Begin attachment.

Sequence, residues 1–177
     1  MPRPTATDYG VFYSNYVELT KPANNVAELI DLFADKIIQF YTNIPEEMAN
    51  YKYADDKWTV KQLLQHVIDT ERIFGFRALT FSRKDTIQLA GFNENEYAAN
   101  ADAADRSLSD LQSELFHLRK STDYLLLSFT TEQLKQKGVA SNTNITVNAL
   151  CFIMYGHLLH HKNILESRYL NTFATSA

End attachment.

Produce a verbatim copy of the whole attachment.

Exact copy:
Sequence, residues 1–177
     1  MPRPTATDYG VFYSNYVELT KPANNVAELI DLFADKIIQF YTNIPEEMAN
    51  YKYADDKWTV KQLLQHVIDT ERIFGFRALT FSRKDTIQLA GFNENEYAAN
   101  ADAADRSLSD LQSELFHLRK STDYLLLSFT TEQLKQKGVA SNTNITVNAL
   151  CFIMYGHLLH HKNILESRYL NTFATSA